Next, we must map content to the buyer journey (and what is common for your industry). Various content assets will be more relevant to buyers at different stages of the buyer cycle. Let’s take a look at what this might look like:

Awareness Stage:

  • Blogs and eBooks
  • Illustrations and Photos
  • News or Press Releases
  • Reports
  • White Papers
  • Infographics
  • Games

Consideration Stage:

  • Social
  • Video
  • Website Content
  • Microsites
  • Expert Guides
  • Vendor comparison
  • Trial or Freemium Account
  • Podcasts
  • Webcast or Webinar
  • Demos (online/in-person)

Decision Stage:

  • Presentations
  • Case Studies
  • Reviews and Forums
  • In-Person Meetings and Events

Advocacy Stage (customers):

  • Social
  • Blog
  • Newsletter
  • Promotions

4. Is your content digestible?

Don’t be concerned about whether you are writing long-form or short form content, writing engaging high-quality copy is what matters most. The vocabulary you use should be relatively simple, people have limited attention spans, and often lower than expected comprehension. A recent Contently study found that on average best-selling authors wrote below a grade 9 level. Believe it or not, Ernest Hemingway wrote at a grade 4 level. So, if the language is too complex and feels like you need a dictionary to understand it, you’ll get a high bounce rate.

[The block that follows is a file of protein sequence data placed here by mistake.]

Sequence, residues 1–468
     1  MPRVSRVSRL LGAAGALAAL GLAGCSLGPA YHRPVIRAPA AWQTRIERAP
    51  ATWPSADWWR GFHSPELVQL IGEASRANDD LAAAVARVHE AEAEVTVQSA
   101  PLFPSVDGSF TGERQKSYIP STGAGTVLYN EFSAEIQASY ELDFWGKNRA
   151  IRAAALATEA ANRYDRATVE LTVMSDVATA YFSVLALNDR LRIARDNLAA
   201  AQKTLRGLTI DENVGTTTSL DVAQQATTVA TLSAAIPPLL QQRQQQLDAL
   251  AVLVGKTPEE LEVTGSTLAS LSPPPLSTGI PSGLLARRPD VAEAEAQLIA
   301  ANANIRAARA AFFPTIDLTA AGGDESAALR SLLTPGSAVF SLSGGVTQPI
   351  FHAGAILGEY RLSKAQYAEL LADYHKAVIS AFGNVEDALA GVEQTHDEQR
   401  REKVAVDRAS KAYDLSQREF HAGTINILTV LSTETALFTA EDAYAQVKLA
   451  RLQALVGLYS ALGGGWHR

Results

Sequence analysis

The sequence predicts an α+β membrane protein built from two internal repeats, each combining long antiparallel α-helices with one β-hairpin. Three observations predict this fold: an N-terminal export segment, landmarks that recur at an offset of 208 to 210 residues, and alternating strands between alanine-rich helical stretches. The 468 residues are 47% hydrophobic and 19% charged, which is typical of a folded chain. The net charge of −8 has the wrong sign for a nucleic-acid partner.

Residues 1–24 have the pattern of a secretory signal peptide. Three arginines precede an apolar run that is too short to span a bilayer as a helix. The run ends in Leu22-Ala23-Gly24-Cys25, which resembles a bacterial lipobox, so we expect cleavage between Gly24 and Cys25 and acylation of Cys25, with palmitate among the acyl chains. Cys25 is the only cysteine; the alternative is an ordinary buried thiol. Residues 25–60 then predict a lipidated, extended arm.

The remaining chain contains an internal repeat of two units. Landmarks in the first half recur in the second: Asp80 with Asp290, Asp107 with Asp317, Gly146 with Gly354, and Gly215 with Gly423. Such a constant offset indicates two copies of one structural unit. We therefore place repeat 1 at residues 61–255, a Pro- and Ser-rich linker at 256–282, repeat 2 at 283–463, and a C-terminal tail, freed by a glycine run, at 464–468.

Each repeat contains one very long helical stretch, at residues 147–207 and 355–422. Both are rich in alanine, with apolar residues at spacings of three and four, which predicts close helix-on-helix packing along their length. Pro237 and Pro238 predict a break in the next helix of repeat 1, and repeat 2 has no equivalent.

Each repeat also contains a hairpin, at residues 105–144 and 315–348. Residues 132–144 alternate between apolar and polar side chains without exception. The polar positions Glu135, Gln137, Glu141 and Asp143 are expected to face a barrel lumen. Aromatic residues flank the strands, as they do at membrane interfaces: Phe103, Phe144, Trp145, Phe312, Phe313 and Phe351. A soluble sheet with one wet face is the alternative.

From a shareable perspective, three things are really at play: novelty, identity, and fluency. So if it’s written like an academic paper, good luck getting engagement and social proof (people spreading your stories).

5. What content performed well in the past?